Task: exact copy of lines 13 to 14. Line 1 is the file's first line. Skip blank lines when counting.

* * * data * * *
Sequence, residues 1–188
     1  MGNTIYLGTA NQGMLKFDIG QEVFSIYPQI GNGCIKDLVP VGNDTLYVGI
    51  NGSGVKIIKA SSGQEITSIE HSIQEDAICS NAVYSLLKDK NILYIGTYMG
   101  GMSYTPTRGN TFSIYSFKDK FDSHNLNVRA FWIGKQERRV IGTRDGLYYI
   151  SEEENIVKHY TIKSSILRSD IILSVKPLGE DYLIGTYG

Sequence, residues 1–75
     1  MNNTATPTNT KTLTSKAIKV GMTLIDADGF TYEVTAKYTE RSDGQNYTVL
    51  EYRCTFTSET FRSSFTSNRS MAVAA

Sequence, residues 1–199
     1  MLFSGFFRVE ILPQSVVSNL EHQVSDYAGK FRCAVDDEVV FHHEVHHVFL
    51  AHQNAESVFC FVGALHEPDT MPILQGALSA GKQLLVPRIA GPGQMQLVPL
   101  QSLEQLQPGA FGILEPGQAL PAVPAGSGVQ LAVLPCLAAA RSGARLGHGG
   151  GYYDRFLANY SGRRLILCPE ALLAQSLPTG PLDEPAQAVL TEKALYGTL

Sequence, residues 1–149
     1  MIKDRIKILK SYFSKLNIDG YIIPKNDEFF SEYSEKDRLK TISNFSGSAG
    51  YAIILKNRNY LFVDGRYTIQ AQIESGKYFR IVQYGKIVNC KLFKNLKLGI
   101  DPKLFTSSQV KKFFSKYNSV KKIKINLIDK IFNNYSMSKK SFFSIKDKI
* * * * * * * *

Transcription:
   151  GYYDRFLANY SGRRLILCPE ALLAQSLPTG PLDEPAQAVL TEKALYGTL

Sequence, residues 1–149